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Saturday, May 25, 2019
PAMPANGA

Japanese firm opens robot parts factory in Subic

PAMPANGA. Nidec-Shimpo Senior Vice President Hitoshi Inoue (left) explains how a high-precision speed reducer works to Sen. Richard Gordon and SBMA chairman Wilma Eisma during the opening of the Nidec-Shimpo manufacturing plant at the Subic Bay Freeport on Wednesday. (Ric Sapnu)

SUBIC BAY FREEPORT -- Nidec-Shimpo Corporation (Japan), a leading innovator of precision-gearing solutions for robotics and industrial automation which aimed to mass produce in its Subic factory a new line of robot components developed in Japan, on Wednesday formally launched its operations here.

According to first senior vice president Hotoshi Inoue that the wholly-owned company of Japan’s Nidec Corp. and sister-company of Nidec Subic Philippine Corp. will initially build speed reducers for high-precision motion control applications at the rate of 10,000 to 25,000 units per month.

Inoue said the plant’s target production is expected to increase to 100,000 units per month at the end of this year, and to 120,000 units per month by March 2020.

He said that the gearless component parts to be produced in Subic are an entirely new product line that has not been manufactured elsewhere in the world. He described them as “super silent, and with zero backlash and smooth rotation.”

The Subic-made products will be exported to Spain, the United States and Germany, Inoue.

The launch of Nidec-Shimpo operations here was attended by Japanese Ambassador to the Philippines Koji Haneda, Senator Richard Gordon, Subic Bay Metropolitan Authority (SBMA) chairman and administrator Wilma Eisma, and Assistant Secretary Rafaelita Aldaba of the Department of Trade and Industry.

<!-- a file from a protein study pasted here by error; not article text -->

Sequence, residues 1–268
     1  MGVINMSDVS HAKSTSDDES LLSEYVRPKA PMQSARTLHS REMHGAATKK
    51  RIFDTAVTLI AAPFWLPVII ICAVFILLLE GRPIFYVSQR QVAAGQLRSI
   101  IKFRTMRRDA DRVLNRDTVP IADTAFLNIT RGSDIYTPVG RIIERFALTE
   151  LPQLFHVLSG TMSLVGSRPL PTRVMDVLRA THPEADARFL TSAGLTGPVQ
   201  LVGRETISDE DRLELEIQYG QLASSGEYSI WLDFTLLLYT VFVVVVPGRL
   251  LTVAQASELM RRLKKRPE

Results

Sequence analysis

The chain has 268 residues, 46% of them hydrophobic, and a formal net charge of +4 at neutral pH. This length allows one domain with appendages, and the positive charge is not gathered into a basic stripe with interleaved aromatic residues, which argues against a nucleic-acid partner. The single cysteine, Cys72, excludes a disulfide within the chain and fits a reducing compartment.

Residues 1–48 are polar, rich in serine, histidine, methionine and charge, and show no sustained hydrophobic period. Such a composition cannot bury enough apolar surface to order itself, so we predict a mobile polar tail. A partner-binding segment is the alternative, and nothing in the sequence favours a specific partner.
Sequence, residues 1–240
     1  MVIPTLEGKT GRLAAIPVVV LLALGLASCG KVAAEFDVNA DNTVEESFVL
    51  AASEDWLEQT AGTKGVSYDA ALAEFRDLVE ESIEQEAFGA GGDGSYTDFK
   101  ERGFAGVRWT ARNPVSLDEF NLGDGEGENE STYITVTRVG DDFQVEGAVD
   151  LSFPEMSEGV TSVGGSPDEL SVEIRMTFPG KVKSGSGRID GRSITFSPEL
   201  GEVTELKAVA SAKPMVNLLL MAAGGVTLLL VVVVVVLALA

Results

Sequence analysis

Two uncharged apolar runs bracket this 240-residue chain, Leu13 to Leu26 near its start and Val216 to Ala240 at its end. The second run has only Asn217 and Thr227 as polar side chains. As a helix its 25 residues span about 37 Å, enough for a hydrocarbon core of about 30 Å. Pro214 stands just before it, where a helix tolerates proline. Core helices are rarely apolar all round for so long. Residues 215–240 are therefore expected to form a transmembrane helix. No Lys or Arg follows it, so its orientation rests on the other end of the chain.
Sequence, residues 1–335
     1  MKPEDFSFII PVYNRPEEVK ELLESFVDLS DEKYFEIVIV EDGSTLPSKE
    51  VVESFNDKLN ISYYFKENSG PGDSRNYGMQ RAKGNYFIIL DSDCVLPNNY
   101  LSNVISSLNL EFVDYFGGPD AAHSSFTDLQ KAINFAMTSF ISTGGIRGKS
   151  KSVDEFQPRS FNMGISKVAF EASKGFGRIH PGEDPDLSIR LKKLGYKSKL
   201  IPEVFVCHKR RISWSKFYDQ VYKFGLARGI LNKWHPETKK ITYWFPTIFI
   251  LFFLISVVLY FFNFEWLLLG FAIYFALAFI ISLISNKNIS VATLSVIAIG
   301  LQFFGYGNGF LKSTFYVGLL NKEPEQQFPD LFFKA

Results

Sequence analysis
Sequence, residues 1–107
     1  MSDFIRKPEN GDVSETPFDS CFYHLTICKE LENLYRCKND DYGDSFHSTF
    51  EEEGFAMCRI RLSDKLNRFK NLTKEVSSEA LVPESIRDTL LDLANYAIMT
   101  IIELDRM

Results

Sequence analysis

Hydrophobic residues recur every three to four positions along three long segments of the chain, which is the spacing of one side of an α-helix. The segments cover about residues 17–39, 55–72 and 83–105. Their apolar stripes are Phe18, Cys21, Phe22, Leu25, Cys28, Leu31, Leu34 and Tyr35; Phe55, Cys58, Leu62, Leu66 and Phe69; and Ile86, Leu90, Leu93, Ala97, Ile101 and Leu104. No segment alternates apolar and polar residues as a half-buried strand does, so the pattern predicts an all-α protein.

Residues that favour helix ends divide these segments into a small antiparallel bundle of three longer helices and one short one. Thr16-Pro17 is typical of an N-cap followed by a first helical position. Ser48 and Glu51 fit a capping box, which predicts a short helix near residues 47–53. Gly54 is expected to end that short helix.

Haneda said Nidec’s expansion “demonstrates the continuing Japanese investor confidence in the Philippines’ business potential (and) shows the rigorous effort of Nidec to take advantage of opportunities and take on challenges to break new ground.”

He also cited the company for its skills development activities that make its workers “industry-ready and technology-capable.”

Meanwhile, Gordon said Nidec’s new project “shows the trust and confidence of companies like Nidec in the capacity of the Filipino workers, and in our government’s consistency in our rules and regulations.”

“We should have more companies like Nidec in Subic,” he said.

Eisma said that Nidec-Shimpo’s operation here “will further promote Subic’s stature in high-end manufacturing, improve the proficiency of local workers in technology, and, of course, bolster the local economy by increasing exports.”

Eisma also praised Nidec-Shimpo for sending local workers to Japan for training.

According to Inoue, the firm had sent a total of 100 Filipino workers to Japan as the first batch of trainees to learn the technology involved in producing precision motors and speed reducers. Of these, 70 had finished the course, and Nidec had again sent another 46 trainees for the second batch.

Inoue added that Nidec intends to hire more personnel at the Subic plant on top of the 100 workers it will employ in the first year of operation.

He pointed out that the Subic factory’s monthly product capacity of P120,000 units is greater than the combined capacity of Nidec’s plants in Kyoto, which was at 30,000 units in 2018, and in Ueda, which is expected to reach 50,000 units in 2019. (Ric Sapnu)


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